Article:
Thursday, August 15, 2013

Nature Provides

Sustainable agriculture is making a comeback, and it's due in a large part to the dissatisfaction with the quality of fruits and vegetables in the supermarket.  Produce is shipped long distances on ships and semi-trailers to make it into those aisles, and people are beginning to acknowledge that this is completely unnecessary.

This is the produce aisle at my grocery store. It's located within a short distance from my house.  It's a farm called Ro-Jo Farm  in Bethany, two towns north of New Haven.

The concept of the acronym CSA is this.
Nature provides us with soil, which contains minerals, sunlight, rainwater, and seeds.  When you combine all of these inherently free things, you get something delicious.  Domestication of plants, known as agriculture, has been around for about 10,000 years and is thought to have begun somewhere in the Middle East, which was not always desert but was once a prosperous land known as the Fertile Crescent.  Since then, humans have been cultivating plants (and animals) in an infinite variety of ways.  One of the most recent developments has been industrial agriculture, where machines are responsible for producing most of the world's food.

These are the hands of Hanifa Washington.
She's the executive director of Amistad America.  She also lives in a farmhouse and she spends her mornings washing vegetables that are picked by her farm manager, Toby.

The farm is in her backyard and it's about an acre and a half.  She provides a box full of produce to 15 recipients, once a week.  Each box contains the same amount of items, and the type of produce and the amount of each item are determined almost solely by what the land itself has to provide.
unripe cherry tomatoes
The reason this makes sense to people is because of a concept known as 'sustainability,' which is essentially economic and environmental pragmatism.  The idea is really simple.  If it takes pesticides, preservatives, refrigeration and fuel to transport large quantities of food across the country, but these same items can be grown in the backyard, then maybe it makes sense to grow the vegetables in the backyard.  If this becomes something that results in too much work, then it makes even more sense to produce it in somewhat larger quantities, to work as a group and to share it with others, which is why the "C" in "CSA" is for "Community."  It's as though we're re-learning the same things on which civilization itself was founded, ten thousand years ago.  And it actually works.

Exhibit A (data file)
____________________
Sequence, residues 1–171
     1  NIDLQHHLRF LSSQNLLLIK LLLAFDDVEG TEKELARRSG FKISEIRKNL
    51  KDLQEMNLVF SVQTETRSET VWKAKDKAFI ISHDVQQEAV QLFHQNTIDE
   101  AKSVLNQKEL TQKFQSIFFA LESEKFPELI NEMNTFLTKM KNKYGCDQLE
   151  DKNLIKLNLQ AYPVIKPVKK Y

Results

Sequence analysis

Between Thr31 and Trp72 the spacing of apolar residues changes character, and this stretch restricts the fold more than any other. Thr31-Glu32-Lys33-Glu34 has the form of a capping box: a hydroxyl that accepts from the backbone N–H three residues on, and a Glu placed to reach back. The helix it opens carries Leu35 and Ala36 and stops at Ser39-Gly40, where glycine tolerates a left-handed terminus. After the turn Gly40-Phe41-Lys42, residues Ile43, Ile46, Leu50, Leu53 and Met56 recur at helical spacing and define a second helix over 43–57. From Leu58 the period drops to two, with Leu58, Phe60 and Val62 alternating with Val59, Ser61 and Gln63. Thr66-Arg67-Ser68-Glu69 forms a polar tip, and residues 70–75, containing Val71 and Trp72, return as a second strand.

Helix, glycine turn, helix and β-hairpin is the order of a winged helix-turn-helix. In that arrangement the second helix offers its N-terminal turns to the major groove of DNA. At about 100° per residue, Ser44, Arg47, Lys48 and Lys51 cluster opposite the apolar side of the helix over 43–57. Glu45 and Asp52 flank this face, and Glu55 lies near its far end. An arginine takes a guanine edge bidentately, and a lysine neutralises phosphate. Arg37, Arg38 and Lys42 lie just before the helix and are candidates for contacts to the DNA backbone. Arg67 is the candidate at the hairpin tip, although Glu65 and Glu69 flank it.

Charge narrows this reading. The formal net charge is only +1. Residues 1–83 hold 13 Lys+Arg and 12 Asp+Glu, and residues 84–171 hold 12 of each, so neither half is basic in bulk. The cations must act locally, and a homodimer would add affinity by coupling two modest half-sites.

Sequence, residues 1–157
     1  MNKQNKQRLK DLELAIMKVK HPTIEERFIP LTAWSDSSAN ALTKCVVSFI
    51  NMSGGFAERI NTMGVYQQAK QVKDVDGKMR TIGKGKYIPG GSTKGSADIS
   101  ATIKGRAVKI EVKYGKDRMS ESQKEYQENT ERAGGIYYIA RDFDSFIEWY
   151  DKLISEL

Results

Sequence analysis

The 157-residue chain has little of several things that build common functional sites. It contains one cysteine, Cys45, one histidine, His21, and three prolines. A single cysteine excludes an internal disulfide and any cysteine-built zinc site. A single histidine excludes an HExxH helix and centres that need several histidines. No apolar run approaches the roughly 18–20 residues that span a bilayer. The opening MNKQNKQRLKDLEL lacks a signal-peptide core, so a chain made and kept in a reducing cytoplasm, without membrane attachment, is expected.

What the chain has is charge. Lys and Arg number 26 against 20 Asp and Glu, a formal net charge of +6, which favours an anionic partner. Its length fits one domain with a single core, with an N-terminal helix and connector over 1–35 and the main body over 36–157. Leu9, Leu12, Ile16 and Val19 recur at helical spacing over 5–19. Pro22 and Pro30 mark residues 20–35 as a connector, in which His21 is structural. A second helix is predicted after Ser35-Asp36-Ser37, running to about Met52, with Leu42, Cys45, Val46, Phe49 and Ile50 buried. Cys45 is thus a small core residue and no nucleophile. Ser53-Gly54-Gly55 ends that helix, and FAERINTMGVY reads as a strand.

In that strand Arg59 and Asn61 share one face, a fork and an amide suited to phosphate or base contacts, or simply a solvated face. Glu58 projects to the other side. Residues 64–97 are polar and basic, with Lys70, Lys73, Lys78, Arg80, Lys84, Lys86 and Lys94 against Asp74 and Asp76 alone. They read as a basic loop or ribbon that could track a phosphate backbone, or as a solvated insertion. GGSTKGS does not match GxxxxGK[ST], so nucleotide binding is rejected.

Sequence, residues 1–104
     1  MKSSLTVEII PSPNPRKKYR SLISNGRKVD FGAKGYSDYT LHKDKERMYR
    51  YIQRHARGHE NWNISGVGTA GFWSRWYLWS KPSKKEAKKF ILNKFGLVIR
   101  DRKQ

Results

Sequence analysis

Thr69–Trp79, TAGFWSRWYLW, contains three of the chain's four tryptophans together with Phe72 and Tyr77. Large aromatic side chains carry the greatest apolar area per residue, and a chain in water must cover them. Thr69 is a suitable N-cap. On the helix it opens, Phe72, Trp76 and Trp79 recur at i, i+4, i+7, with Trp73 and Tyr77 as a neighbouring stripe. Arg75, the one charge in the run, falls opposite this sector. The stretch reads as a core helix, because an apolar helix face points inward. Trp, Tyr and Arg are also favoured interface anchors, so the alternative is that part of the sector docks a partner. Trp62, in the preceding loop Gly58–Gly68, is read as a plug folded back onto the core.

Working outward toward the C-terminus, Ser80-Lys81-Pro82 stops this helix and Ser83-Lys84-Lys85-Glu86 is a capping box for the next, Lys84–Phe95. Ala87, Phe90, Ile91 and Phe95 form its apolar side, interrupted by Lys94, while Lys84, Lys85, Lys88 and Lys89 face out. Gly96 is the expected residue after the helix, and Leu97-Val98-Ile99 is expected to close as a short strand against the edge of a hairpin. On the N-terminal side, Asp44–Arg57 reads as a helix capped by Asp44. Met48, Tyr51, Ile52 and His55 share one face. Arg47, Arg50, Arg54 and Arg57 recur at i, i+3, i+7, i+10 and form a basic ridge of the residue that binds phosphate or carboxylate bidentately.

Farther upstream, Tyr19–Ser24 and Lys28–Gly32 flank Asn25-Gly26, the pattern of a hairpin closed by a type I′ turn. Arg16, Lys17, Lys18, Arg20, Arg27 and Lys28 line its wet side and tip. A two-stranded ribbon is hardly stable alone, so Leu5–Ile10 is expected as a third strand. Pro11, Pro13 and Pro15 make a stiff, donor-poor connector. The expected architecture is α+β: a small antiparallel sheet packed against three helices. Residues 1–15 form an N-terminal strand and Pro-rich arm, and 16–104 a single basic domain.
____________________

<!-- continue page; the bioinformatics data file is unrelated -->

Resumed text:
One share
This is Bill Fischer, driving the Ro-Jo Tractor
There's no guarantee that the food that you buy in the grocery store was picked that morning, unless the produce section at that grocery store looked like the aisle in the first photo of this article.  Ro-Jo Farm.  Those 15 shares will hopefully expand to 50 shares by next season.  If you'd like to be a part of it, you can contact  There's a comprehensive list of all local CSA's on the CTNofa website if you'd like to see just how many of these there are.  That full list is available [here].

You can also watch a fun video of Hanifa, explaining the significance of flags, as well as bells, on nautical vessels.  There are also more photos in the slideshow below.  We're also working on her new farm logo, to be announced.  Stay tuned!